First Batch of Mini Reviews

the gravity of birds, night film, the secret history, the last girlfriend on earth

I’ve read several books over the past few weeks that, either because of the nature of my review or the book itself, seem better off compressed into a quick synopsis and a few thoughts rather than a full review.

The Gravity of Birds by Tracy Guzeman (for review from publisher)
Single Line Synopsis: A reclusive artist allows pieces from his past to be put on display, but requires that the missing sisters featured in his art be found and contacted first. 

Thoughts: The writing in The Gravity of Birds is quite beautiful, but the novel is very much a slow build. There are several interwoven stories that take some time to develop and, though the pace of the book definitely picks up once everything is revealed, I had a difficult time getting fully engrossed. 

The Last Girlfriend on Earth by Simon Rich
Single Line Synopsis: Quirky short stories centered on looking for, finding and losing love. 

Thoughts: As someone who very rarely reads or enjoys a short story collection, I was a little apprehensive picking up The Last Girlfriend on Earth, but couldn’t resist it after all the great reviews I kept reading. And they were right. So right. Simon Rich has put together a collection of stories, some as short as a single page, that captures all the joy and sadness of relationships with tons of humor and just the right amount of sappy romance. His stories have great variety: some are fairly straightforward, while others push readers to the edge of strangeness. At just 213 pages, The Last Girlfriend on Earth is a quick collection of witty tales, perfect for short story newbies. 

Night Film by Marisha Pessl (for review from publisher)
Single Line Synopsis: When the daughter of a filmmaker famous for his terrifyingly realistic films dies of an apparent suicide, a journalist begins the dangerous task of digging into the secrets behind the camera in search of the truth.


Thoughts: When early reviews for Night Film started coming in and I was repeatedly seeing chilling, twisty and haunting, I just knew it was the book for me. Cult films and novels with endless plot twists, even those left unanswered, are right in my wheelhouse so my excitement level for Night Film was sky high.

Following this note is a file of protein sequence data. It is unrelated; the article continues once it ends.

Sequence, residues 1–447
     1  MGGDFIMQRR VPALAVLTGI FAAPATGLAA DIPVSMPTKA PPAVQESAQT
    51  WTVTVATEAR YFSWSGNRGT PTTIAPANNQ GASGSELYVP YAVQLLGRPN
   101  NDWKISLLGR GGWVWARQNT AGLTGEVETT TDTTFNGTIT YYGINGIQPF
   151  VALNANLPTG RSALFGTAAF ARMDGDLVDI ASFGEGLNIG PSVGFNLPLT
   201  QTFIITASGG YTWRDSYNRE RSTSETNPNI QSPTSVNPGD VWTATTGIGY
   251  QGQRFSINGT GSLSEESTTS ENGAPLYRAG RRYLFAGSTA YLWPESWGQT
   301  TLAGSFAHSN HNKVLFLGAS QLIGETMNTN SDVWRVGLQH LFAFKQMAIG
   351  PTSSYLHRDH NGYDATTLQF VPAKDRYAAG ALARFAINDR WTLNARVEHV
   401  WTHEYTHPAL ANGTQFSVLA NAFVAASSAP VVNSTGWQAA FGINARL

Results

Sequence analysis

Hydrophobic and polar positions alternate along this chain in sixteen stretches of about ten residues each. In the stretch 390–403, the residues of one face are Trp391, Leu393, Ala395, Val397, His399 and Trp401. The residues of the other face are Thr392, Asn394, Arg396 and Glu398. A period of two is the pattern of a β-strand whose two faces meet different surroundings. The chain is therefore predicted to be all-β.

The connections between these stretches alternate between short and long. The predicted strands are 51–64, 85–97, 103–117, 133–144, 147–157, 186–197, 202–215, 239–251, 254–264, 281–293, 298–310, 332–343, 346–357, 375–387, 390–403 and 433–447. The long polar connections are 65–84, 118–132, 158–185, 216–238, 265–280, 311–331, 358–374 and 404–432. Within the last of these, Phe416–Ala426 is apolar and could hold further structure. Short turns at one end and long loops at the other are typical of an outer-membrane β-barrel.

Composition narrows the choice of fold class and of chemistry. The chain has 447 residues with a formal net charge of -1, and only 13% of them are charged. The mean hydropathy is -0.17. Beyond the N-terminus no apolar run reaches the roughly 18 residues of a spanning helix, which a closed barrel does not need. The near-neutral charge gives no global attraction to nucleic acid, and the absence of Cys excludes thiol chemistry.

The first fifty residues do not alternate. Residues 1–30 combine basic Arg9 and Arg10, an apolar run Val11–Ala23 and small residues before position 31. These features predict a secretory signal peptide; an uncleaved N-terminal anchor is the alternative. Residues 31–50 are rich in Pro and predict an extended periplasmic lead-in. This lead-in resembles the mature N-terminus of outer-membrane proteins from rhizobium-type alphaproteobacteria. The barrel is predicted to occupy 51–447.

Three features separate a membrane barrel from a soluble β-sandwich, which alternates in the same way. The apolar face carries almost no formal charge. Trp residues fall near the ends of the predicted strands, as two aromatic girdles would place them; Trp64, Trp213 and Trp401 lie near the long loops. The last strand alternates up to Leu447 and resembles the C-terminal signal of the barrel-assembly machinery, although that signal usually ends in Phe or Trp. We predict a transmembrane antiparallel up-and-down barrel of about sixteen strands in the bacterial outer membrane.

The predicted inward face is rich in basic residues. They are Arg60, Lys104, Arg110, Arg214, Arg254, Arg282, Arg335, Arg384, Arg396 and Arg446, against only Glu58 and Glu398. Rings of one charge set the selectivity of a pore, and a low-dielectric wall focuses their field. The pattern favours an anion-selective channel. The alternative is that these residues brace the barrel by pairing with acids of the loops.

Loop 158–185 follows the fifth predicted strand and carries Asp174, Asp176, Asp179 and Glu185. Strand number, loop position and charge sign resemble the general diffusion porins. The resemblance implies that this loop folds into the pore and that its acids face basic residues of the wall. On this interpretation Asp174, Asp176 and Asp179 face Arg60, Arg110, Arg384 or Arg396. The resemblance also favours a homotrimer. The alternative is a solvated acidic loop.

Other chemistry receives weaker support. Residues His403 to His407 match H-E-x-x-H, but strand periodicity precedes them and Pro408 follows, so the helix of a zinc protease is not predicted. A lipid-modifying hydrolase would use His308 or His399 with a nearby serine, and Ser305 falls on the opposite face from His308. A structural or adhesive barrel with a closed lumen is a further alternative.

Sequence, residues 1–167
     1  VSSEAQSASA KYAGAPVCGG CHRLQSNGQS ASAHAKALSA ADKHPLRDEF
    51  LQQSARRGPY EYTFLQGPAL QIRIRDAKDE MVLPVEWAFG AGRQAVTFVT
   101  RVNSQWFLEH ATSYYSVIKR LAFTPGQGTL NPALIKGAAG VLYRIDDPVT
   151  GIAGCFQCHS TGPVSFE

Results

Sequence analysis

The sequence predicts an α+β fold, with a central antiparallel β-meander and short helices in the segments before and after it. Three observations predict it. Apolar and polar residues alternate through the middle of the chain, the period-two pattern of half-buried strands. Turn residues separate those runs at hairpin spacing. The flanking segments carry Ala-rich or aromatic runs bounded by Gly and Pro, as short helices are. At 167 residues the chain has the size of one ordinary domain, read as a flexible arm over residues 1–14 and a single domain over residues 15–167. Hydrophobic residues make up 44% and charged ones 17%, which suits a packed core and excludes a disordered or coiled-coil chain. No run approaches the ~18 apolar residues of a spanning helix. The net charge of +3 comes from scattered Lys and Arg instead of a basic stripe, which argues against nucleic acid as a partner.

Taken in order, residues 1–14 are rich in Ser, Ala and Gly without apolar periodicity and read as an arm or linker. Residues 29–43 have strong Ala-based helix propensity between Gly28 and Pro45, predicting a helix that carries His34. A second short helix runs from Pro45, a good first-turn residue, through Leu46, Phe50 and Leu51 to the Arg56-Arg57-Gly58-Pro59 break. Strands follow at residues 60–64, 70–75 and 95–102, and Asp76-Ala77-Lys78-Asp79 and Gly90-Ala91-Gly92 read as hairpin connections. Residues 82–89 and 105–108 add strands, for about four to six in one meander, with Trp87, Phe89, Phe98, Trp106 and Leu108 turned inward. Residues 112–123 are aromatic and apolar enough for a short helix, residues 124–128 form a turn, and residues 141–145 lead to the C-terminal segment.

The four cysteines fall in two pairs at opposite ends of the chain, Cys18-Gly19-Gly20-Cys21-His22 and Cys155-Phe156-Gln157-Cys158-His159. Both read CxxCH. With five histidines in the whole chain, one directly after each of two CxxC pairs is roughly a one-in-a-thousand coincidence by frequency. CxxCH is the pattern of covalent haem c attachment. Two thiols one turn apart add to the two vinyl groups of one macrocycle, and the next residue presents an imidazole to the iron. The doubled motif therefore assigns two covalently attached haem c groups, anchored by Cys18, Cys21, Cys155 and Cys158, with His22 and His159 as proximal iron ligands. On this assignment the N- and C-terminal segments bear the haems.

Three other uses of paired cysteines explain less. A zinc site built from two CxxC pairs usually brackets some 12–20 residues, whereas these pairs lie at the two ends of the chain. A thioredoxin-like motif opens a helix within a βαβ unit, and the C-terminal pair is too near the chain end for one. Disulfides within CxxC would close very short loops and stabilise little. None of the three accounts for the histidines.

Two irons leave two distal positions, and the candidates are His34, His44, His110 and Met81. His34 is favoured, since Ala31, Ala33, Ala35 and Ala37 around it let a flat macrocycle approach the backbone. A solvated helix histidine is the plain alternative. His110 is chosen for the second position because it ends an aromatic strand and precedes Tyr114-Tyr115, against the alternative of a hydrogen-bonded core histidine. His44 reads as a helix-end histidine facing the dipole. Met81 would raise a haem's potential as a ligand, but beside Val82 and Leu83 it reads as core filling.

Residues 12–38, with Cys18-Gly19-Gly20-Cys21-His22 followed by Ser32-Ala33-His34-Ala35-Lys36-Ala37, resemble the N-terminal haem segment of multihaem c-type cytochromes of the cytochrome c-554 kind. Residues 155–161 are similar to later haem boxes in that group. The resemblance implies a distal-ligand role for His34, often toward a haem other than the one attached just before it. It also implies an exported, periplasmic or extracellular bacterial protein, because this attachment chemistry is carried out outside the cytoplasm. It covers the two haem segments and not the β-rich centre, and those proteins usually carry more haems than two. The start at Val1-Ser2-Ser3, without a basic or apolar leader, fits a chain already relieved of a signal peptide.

I think much of that excitement contributed to my feeling of disappointment as I finished reading. While I still enjoyed the book, it certainly didn’t live up to the expectations I had going in. Pessl’s work in creating a backstory for Cordova is breathtaking and, as the story progressed, I kept hoping she would use that great imagination as a building block for some incredible twist. In the end, the novel’s reveal fell flat with its ambiguity too expected. I was holding out hope for something equally as impressive as Cordova’s filmography, but never found it.


The Secret History by Donna Tartt
Single Line Synopsis: A group of six Greek scholars at a small New England college seclude themselves from their peers, gradually becoming dependent on one another to keep the dark secrets they begin to harbor.

Thoughts: The Secret History has been sitting on my bookshelf for quite some time and I finally squeezed it in, thanks to the readalong at A Home Between Pages. Phew. Believe the hype! There’s a reason people are basically selling their souls to get their hands on a copy of The Goldfinch. Tartt’s writing is just unbelievable. But she also manages to build this wonderfully paced story that keeps you on edge through all 559 pages, which is not an easy task. The Secret History feels like a modern classic, at least to me.